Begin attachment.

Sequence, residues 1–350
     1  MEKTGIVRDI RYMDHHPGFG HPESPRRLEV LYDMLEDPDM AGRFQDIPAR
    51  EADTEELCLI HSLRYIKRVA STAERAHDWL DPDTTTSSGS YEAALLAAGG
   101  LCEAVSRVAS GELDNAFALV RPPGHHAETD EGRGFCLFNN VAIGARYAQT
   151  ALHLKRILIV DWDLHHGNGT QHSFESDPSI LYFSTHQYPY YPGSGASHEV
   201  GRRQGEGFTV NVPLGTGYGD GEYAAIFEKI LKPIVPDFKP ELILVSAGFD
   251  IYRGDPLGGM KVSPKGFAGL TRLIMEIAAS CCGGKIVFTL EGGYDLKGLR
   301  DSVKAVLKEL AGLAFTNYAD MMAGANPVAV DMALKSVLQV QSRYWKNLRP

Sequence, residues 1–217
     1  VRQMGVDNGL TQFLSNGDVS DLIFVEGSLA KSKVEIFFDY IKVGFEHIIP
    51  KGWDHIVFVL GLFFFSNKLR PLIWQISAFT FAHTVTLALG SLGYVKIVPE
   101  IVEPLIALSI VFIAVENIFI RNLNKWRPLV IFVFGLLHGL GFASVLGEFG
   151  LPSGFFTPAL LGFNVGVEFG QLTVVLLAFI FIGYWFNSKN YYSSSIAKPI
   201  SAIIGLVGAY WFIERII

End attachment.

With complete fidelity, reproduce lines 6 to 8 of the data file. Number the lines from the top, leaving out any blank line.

   201  GRRQGEGFTV NVPLGTGYGD GEYAAIFEKI LKPIVPDFKP ELILVSAGFD
   251  IYRGDPLGGM KVSPKGFAGL TRLIMEIAAS CCGGKIVFTL EGGYDLKGLR
   301  DSVKAVLKEL AGLAFTNYAD MMAGANPVAV DMALKSVLQV QSRYWKNLRP